Brilliant point about the “rock star “social commentaries” speaking in generalities … that helps explain why I always liked the song but never really loved it. It always seemed so imprecise about its intent. There was something deeply emotional going on, but I could never really fully connect, and I think you articulated the reason. That said, it is a good song and that second bridge is transcendent. Mercury puts up a great run and then Bowie comes along and absolutely crushes it. It almost sounds like his voice is double-tracked at that point.

  10. Marion Brent says:

    “Ageing rock star and fading rock group” is a touch cruel! Bowie was only 34, and Queen would arguably have a better eighties than Bowie. The Works is a lot more fun than Tonight, that’s for sure!

    I can’t remember how I felt about this song at the time – now it does seem a curious mix of emotional and vacuous, but it is clearly saved by that fantastic bassline. In that respect it’s a bit like “Stay”, which is more of a great riff than a great song.

    • Remco says:

      No, I think ‘fading rock group’ is spot on. I’d say The Works is Queen’s Let’s Dance. A Kind Of Magic is their Tonight and The Miracle is their NLDM. They managed to reclaim a bit of what was lost on their final album though.

  11. spanghew says:

    Yes. Thing is, the scatteredness of “pressure” is real – there’s just all kinds of shit going on, and if it were easier to isolate, hey, here’s what the problem is, there’d be less pressure. And Mercury’s wordless, nervous scatting embodies that.

    But his vocal performance overall in this track? Just astonishing: when you effortlessly top out at a high “A” that not even Annie Lennox can sing properly, well, you’ve done something pretty damned astonishing.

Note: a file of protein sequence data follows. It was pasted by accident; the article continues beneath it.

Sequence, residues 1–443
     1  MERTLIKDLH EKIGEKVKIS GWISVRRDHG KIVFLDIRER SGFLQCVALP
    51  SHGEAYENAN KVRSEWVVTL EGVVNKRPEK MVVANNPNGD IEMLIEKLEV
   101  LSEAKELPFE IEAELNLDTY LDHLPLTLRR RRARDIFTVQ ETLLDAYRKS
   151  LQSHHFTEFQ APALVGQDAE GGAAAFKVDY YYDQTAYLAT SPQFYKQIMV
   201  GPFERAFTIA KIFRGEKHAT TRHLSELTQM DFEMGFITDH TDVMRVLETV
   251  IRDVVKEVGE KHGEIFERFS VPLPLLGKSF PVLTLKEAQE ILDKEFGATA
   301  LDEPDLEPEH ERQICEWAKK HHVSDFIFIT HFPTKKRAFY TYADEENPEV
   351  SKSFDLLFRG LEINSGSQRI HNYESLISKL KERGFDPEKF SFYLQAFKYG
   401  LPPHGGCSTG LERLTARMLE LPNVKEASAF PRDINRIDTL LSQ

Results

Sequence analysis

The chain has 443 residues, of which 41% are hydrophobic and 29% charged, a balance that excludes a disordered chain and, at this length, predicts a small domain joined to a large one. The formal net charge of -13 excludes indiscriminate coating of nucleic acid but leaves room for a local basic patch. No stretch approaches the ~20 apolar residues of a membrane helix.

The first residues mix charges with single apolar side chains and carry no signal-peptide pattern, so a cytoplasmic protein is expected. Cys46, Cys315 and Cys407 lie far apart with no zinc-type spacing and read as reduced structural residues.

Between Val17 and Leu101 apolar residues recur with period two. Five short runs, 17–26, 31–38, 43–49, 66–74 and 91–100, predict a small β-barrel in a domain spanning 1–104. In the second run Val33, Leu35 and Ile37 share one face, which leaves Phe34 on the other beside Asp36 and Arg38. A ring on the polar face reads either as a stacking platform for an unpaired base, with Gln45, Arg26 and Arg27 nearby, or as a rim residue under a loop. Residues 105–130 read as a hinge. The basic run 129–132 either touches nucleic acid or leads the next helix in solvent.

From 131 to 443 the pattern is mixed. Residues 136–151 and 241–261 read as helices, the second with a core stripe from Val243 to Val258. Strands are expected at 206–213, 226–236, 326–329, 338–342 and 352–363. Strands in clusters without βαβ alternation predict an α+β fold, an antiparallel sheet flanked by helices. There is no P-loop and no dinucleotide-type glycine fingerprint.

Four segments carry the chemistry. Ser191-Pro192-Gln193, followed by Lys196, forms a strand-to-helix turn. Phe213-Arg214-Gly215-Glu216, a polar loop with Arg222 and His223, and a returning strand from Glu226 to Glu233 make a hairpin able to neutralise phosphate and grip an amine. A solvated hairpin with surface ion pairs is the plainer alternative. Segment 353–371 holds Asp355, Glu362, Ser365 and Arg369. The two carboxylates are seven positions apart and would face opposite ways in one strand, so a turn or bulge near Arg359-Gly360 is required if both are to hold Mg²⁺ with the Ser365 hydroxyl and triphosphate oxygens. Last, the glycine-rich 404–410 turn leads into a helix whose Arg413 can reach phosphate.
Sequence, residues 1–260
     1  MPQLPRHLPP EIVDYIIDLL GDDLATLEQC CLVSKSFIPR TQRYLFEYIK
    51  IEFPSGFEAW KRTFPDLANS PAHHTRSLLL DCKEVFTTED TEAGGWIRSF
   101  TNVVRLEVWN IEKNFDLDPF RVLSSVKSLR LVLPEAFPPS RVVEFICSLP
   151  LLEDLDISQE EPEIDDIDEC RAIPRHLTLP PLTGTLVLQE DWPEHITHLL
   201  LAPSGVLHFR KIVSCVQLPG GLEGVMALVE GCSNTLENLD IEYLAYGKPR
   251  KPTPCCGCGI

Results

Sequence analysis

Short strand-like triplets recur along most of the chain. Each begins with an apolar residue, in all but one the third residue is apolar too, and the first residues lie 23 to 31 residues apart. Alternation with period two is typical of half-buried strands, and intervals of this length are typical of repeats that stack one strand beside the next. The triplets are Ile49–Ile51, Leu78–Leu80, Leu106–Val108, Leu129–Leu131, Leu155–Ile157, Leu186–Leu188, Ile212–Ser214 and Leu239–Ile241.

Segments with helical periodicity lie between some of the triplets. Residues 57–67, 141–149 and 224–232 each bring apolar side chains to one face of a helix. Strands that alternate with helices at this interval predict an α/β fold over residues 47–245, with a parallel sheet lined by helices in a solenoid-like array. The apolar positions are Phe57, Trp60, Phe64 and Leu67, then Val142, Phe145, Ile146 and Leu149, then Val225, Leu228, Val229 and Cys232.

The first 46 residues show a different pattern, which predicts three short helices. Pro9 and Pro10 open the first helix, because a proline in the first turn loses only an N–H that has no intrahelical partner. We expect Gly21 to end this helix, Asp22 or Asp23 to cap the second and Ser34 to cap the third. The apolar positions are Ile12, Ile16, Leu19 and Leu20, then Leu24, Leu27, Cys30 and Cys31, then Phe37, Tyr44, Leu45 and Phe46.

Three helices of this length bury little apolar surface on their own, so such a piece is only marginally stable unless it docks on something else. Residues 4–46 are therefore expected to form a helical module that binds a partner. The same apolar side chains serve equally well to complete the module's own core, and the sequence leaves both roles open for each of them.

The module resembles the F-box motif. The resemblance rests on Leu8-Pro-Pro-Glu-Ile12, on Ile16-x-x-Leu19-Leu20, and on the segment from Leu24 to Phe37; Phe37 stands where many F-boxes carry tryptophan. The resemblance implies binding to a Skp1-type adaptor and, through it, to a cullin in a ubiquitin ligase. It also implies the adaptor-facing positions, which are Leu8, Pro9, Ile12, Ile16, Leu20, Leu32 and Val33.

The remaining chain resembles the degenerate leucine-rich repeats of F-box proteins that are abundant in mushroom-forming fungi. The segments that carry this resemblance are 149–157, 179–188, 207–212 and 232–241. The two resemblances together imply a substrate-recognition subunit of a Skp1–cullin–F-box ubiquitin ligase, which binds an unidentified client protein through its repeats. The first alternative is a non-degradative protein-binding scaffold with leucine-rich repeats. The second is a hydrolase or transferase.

And I agree about the way Bowie’s vocal melody transforms the whole song – in fact, despite the sometimes vague, sometimes cliched nature of the lyrics as a whole, the phrase “love dares you” is immensely powerful and subtly complex: between the performances (Bowie’s is also a marvel) and the impact of that line, well yeah: you’ve got a brilliant song, pulled together from unpromising and unlikely materials.

    That’s one definition of genius.

  12. timspeaker says:

    I have often been quoted by friends (and heckled by many) for claiming that Under Pressure is my favorite stand alone single ever (yes, it was later on a Queen album but not originally released as such).

    Bowie’s vocal on the second bridge is one of the finest melodies ever written, transporting the entire song to a level few reach. In fact, much of the song seems like it is waiting, building to that moment. It truly is powerful, in a song that is mostly superfluous.

    You accurately asserted that, “Anthony Miccio once called “Under Pressure” “the best song of all time,” and there are a few days when I think he was right” is a perfect distillation of how I feel about it.